It was the book, written with Rolling Stone journalist John Colapinto, entitled As Nature Made Him: the Boy who was Raised as a Girl, that brought the calamity of Reimer's situation to the attention of the world. He was inspired to write it after seeing an account of the Diamond-Sigmundson paper in the New York Times. Colapinto cast Money as the villain of the story, although the doctor, who is now 83, never publicly responded to it. The appearance with Oprah Winfrey coincided with its publication. "I thought the Reimers were just the most dignified, fantastic people," Colapinto commented in an interview at the time. "I think in a way these wonderful working-class people from Winnipeg just kind of stepped onto the world stage on Oprah and were a lesson to us all in dignity and survival and openness and courage."

"Scientists had just relied on this case as being a precedent for the fact that you could assign the sex and gender to children," Colapinto added. And his book had a strong impact. "Those who believed that and taught it and based their clinical practice on it, and who actually performed similar procedures, were scandalised."

The same sense of scandal was what drove Reimer to collaborate with the journalist and expose his pain to the world. He was angry about what had happened to him and by the discovery that Money's tampering with him was being replicated in clinics and hospitals around the world. He wanted it to stop.

"I was surprised that other people wound up going through what I had, because of my so-called 'success story' that wasn't so much of a success," he said. "You were expected to wear girl's clothing and to behave in a certain manner and you were expected to play with girl's toys." But he never believed he was a girl. "I thought it was very ignorant for them to think I was no longer a male because my penis was burned off. A woman who loses her breasts to cancer doesn't become any less of a woman."

His family is left now to grieve for a loved one who was subjected to such humiliations without his consent. For a while, there had been hope that he had put his life back on the rails. While the years of treatment had given his features the fine lines of femininity, he was widely accepted in Winnipeg as a man once more. He got menial jobs and finally found a wife. He became stepfather to her three children.

The loss of his brother, his family said, hit him hard. His twin had also taken his own life and for the past two years, David had made the pilgrimage to his brother's grave every day to arrange fresh flowers. Then the wife with whom he had established the traditional male role walked away, with her children. He slumped into depression. Worse came soon after when he lost his job. His mother, Janet, came closer than anyone at the funeral last Sunday to blaming Money for what had happened to her child.

"He was a hero," she whispered to a reporter. "He showed the doctors, he was a worldwide hero." Asked why she thought he had finally taken his own life, she responded: "I think he felt he he had no options. It just kept building up and up." His father, Ron, shook his head when approached by reporters and said he had nothing to add.

Janet, however, tried to pay tribute. "He was the most generous, loving soul that ever lived. He liked music. He liked jokes. He was a very funny guy. He was so generous. He gave all he had."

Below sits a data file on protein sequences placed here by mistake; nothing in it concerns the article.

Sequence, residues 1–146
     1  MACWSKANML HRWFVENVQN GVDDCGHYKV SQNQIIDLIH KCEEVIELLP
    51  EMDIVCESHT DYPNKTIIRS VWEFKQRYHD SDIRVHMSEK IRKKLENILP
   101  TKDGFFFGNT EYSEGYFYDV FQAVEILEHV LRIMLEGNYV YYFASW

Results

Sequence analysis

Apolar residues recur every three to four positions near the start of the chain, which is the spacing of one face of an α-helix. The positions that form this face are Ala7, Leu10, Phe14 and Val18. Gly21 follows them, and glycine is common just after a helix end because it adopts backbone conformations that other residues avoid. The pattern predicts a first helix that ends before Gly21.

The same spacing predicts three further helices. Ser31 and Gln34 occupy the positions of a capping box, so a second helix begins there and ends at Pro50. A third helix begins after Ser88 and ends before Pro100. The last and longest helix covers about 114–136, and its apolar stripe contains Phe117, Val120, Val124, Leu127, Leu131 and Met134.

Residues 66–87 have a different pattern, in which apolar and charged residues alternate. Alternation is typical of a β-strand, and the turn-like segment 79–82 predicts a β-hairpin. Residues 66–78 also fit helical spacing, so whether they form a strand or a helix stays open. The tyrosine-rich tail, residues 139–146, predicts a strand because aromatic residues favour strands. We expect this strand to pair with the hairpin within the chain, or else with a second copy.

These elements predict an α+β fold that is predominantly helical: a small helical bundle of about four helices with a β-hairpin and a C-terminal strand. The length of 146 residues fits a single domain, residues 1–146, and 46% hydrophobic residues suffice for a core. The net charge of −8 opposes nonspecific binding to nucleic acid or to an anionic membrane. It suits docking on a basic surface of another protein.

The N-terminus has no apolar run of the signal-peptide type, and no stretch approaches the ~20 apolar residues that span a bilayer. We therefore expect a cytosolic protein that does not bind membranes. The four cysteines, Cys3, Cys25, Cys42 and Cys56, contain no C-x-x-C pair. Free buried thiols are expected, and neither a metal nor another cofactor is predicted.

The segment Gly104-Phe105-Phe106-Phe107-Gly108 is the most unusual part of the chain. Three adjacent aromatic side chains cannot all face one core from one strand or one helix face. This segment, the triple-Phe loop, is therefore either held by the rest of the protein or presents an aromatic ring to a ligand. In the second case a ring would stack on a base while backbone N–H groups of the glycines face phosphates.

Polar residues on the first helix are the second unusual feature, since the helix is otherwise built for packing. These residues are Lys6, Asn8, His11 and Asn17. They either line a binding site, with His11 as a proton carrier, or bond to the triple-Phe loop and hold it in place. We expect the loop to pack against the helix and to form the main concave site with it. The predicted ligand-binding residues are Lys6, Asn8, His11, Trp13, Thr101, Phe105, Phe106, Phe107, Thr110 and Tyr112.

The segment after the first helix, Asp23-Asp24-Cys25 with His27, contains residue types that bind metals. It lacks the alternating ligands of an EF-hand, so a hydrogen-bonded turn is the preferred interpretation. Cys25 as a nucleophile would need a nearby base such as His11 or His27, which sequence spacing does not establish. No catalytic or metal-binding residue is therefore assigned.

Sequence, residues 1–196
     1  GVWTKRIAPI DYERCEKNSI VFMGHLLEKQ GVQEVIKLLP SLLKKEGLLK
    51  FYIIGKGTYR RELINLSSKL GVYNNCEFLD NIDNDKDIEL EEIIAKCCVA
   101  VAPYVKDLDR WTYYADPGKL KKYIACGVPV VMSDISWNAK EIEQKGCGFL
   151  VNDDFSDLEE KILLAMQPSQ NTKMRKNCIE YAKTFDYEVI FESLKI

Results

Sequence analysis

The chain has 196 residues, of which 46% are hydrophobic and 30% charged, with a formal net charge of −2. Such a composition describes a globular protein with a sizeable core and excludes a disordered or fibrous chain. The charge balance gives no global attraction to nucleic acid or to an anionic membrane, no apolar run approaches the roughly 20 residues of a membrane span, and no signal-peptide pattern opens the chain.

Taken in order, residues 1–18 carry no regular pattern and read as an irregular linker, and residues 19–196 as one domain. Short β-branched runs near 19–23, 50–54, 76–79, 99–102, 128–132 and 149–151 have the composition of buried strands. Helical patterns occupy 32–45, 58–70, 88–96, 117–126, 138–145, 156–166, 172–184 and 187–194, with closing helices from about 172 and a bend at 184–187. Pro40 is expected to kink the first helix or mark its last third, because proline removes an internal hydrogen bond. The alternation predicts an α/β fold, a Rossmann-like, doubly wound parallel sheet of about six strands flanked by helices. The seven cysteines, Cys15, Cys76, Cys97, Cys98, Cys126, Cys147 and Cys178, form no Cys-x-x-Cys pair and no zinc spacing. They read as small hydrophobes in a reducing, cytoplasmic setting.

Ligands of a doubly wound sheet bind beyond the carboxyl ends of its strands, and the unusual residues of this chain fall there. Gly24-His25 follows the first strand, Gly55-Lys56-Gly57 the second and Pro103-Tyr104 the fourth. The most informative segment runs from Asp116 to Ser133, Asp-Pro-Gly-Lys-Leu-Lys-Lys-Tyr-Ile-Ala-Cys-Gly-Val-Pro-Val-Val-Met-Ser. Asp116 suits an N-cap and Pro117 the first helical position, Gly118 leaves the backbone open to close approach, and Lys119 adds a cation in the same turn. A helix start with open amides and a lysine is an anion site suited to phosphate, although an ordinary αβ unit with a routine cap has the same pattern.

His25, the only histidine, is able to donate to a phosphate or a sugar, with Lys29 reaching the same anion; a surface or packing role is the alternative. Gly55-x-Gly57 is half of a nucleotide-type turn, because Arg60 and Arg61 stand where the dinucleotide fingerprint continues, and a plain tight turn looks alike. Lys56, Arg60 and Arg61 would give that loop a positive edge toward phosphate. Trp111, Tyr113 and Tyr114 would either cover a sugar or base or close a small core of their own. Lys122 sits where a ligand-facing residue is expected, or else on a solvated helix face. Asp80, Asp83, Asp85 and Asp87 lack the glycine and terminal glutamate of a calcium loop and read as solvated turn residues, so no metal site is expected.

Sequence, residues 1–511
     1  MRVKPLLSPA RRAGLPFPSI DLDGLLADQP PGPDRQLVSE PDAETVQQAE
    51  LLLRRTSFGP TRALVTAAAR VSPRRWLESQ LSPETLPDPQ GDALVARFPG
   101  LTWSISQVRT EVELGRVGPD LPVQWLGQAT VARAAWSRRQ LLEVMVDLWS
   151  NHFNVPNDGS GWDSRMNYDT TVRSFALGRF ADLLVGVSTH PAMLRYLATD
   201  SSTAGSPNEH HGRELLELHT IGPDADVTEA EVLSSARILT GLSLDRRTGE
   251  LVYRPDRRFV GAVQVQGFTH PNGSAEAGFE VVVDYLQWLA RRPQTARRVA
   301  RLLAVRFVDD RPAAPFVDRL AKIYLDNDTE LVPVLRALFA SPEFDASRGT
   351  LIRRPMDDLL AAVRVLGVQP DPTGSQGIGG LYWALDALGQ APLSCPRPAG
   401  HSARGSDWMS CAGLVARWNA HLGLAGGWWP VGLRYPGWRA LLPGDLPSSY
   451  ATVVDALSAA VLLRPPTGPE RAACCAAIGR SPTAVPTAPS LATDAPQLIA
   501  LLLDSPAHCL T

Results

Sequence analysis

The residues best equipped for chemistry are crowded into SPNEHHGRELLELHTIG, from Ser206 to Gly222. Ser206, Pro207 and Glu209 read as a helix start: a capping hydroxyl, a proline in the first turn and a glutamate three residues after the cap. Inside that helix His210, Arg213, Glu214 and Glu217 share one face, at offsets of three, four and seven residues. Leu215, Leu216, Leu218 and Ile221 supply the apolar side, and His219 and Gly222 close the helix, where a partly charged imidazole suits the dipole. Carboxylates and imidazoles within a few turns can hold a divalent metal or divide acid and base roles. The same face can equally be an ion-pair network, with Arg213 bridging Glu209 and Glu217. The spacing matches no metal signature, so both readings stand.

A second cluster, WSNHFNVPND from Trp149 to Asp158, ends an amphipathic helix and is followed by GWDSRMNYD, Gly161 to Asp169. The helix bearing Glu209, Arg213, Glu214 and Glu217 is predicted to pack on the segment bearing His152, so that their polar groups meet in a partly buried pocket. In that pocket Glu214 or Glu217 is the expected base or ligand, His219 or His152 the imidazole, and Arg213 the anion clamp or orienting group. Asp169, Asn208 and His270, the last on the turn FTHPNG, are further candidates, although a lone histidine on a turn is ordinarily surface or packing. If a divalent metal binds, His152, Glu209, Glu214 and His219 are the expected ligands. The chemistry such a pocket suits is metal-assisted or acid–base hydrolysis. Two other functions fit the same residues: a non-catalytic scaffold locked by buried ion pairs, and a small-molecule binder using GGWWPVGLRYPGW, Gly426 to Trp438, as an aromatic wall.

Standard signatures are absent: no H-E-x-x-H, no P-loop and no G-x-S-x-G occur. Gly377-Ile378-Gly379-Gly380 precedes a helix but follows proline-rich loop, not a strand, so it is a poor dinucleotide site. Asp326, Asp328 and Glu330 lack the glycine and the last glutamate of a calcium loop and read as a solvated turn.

12 May 2004 11:37

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Friday, May 07, 2004

Is Language interesting?

It seems like an odd question, after all language is like air, it's all around and we all need it. We may live in different qualities of language as much as we do of air, but we assume it's just a fabric of life and it is no more necessary to discuss language than it is to equip a bicycle with a fish friendly saddle.

But, our language reveals as much about us as a people as our cloths, food or public monuments. Take English, for example. It's a mish-mash of confusing influences and downright fudging.

Melvyn Bragg presented a very interesting TV show on the history of the English language some time back on ITV (the only reason I will ever watch that moronic channel) and he made a very interesting point, which addressed something that had been bothering me since I was a kid.

Simply put, why is the meat that you get from a cow called beef, that from a sheep called mutton and the poor little piggy gets turned into pork? After when served with the dismembered remains of a waterfowl, it was called duck and chicken was chicken, so why did the farm animals lose their identity going from stable to table?

Well, it was quite simple as he explained. When the Normans arrived in England, they quickly set about stamping out the relatively egalitarian Anglo-Saxon way of doing things and enforced the feudal system on the land. This meant that the previously mostly free-living Anglo-Saxons were now all effectively the property of their lord. All of their produce was his, too and like most kleptocrats they took the best bits for themselves.

Hence the staple meats of the farm ended up on their tables and the peasants were left with the rest. So, while the lowly serf looked after the cow (cu in Old English), the meat was eaten at the table of the French speaking gentry and was called "boeuf" leading to our modern word beef. The sheep gave the lord his dish of "mouton" and the pig was consumed as "porc".

So, when you ask for the roast beef sandwich with the mustard, you are unknowingly acknowledging the mastery of the Normans over the Anglo-Saxons. That's a lot of politics for one meal.